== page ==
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South China Sea.

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Topic: South China Sea.
Posted By: toyomotor
Subject: South China Sea.
Date Posted: 13 Jul 2016 at 12:46
From http://www.bbc.com/news/world-asia-china-36771749
Quote
An international tribunal has ruled against Chinese claims to rights in the South China Sea, backing a case brought by the Philippines.

The  https://pca-cpa.org/wp-content/uploads/sites/175/2016/07/PH-CN-20160712-Press-Release-No-11-English.pdf" rel="nofollow - Permanent Court of Arbitration  said there was no evidence that China had historically exercised exclusive control over the waters or resources.

China called the ruling "ill-founded" and says it will not be bound by it.

China claims almost all of the South China Sea, including reefs and islands also claimed by others.

The tribunal in The Hague said China had violated the Philippines' sovereign rights. It also said China had caused "severe harm to the coral reef environment" by building artificial islands.

The South China Sea could well become the next flash-point if China chooses to ignore the court ruling, and continues to enlarge and to build on the Spratleys and other small islands in the South China Sea. 

The Chinese claim extends almost to Indonesia and effects one of the worlds busiest waterways.




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“The biggest surprise in a man’s life is old age.”



Replies:
Posted By: Captain Vancouver
Date Posted: 14 Jul 2016 at 11:35
Originally posted by toyomotor toyomotor wrote:

From http://www.bbc.com/news/world-asia-china-36771749
Quote
An international tribunal has ruled against Chinese claims to rights in the South China Sea, backing a case brought by the Philippines.

The  https://pca-cpa.org/wp-content/uploads/sites/175/2016/07/PH-CN-20160712-Press-Release-No-11-English.pdf" rel="nofollow - Permanent Court of Arbitration  said there was no evidence that China had historically exercised exclusive control over the waters or resources.

China called the ruling "ill-founded" and says it will not be bound by it.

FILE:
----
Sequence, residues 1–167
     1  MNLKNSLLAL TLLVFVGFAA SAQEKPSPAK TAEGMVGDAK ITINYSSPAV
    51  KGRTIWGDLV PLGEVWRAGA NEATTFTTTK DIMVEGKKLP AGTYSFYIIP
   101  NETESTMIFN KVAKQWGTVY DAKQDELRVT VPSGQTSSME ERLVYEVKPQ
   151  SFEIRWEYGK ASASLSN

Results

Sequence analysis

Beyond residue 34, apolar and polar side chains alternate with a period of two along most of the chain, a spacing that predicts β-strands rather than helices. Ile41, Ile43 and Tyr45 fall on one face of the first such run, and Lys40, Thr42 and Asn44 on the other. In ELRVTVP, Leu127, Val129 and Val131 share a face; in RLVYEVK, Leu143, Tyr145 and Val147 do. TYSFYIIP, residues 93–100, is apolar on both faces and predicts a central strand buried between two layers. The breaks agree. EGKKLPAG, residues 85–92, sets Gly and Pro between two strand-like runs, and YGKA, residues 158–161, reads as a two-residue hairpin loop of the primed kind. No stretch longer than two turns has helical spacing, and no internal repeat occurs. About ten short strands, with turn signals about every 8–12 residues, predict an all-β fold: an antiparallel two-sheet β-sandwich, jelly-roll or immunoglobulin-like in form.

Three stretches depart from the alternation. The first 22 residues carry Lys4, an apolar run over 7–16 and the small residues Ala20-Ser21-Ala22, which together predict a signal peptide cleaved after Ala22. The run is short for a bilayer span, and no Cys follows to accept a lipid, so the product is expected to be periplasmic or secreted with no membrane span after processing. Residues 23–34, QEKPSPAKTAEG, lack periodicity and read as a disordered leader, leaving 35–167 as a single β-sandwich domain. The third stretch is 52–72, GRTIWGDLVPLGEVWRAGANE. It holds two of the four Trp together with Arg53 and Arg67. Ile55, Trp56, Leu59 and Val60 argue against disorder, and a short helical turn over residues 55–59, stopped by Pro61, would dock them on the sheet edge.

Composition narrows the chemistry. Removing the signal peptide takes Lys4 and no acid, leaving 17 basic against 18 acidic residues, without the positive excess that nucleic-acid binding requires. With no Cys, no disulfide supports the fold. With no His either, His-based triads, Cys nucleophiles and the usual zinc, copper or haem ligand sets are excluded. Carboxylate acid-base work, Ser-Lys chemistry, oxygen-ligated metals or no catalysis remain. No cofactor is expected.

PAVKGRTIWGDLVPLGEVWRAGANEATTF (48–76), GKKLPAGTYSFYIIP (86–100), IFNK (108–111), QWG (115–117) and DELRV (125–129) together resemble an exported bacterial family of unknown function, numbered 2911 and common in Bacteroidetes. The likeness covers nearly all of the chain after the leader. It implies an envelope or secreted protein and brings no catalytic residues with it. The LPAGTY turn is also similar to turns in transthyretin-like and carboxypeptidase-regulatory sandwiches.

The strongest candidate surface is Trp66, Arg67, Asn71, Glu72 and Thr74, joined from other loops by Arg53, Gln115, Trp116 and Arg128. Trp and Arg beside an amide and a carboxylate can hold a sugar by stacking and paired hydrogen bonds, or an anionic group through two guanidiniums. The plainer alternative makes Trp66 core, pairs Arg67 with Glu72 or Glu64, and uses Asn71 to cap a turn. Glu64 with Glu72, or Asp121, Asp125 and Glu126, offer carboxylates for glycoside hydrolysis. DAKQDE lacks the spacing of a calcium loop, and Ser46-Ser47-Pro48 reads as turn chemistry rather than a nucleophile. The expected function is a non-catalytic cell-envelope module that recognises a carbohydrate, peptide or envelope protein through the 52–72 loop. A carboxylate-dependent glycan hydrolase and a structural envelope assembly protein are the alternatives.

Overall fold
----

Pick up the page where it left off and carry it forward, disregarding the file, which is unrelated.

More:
China claims almost all of the South China Sea, including reefs and islands also claimed by others.

The tribunal in The Hague said China had violated the Philippines' sovereign rights. It also said China had caused "severe harm to the coral reef environment" by building artificial islands.

The South China Sea could well become the next flash-point if China chooses to ignore the court ruling, and continues to enlarge and to build on the Spratleys and other small islands in the South China Sea. 

The Chinese claim extends almost to Indonesia and effects one of the worlds busiest waterways.



China has taken a surprisingly (and disappointingly) belligerent attitude to the S China Sea issue.
This is gunboat diplomacy, 19th century style. It is a sad commentary that international relations are still being done in this way in the 21st century.

And it is hard to say what value they will achieve from the exercise. Yes, this is an important sea route, but control of such routes do not require fixed bases per se, and certainly not when the area is in close proximity to the participants mainland. There may be oil and gas on the sea bed, but that is a question mark at this time, and even if it was so, it hardly seems to necessitate such brinkmanship. Some have suggested that the area is crucial to protecting China's submarine base and also sea based nuclear deterrent on Hainan Island. Again, possible, but such defense would be better off mobile, than a target on a fixed island.

Maybe it is all about image. Western powers basically did the same thing in times gone by, grabbed whatever bit of geography that seemed strategic at the time. So now it may be payback, a PR exercise for a leadership that has little other to offer the masses than rapid economic expansion (at any cost), and chest thumping nationalism.


Posted By: franciscosan
Date Posted: 18 Jul 2016 at 12:39
resources maybe, chest thumping nationalism (maybe), payback, not really.  It is at the cost to the Philippines and Vietnam, (and maybe indirectly to others because of the trade route), not as much to the western powers.



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